There are many ways to represent functions. For example, a function can be represented with an input-output table, with a graph, and with an equation.

Sometimes a problem asks us to compare two functions which are represented in different ways. For example, you might be given a table and a graph, and asked which function is greater for a particular value, or which function increases faster.

**Example :**

Two functions are represented in different ways.

Function 1: The input-output table shows the *x *- and *y *-values of a quadratic function.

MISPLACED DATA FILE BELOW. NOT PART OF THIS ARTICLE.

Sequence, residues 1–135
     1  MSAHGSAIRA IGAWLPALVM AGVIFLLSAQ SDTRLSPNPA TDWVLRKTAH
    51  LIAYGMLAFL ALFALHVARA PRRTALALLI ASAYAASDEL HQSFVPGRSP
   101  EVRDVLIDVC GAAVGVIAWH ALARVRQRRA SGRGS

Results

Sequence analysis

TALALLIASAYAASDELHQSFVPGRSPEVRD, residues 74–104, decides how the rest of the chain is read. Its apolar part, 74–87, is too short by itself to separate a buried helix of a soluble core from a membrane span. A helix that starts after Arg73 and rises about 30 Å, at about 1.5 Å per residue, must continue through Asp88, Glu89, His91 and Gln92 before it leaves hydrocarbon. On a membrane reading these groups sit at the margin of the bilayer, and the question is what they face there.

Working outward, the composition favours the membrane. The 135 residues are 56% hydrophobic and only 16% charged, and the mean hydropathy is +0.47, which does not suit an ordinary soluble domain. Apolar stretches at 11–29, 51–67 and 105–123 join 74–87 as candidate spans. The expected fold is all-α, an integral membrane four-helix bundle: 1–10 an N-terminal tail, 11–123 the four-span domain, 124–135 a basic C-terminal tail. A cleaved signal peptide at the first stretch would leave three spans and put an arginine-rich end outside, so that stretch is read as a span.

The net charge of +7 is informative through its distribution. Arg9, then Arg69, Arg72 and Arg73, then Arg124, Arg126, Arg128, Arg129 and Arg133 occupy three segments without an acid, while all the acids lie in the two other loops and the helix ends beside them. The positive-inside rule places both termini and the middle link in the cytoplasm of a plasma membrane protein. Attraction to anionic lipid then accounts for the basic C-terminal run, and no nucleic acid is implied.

Function 2: The graph of a linear function is shown.

From the two functions, which function grows faster for large positive values of *x*?

In the graph, the *y*-intercept is 5 and the slope is 1. So, for *x * = 0, the function shown in the graph has a greater value. Also, since the slope is positive, it's increasing.

However, if you look at the values in the table, you will see that the *y *-values are equal to the square of *x *. These values will have a faster-than-linear rate of growth.

For example, for the function in the table, when *x * = 8, *y * = 64. You can see in the graph that the line is not yet that high when *x * = 8.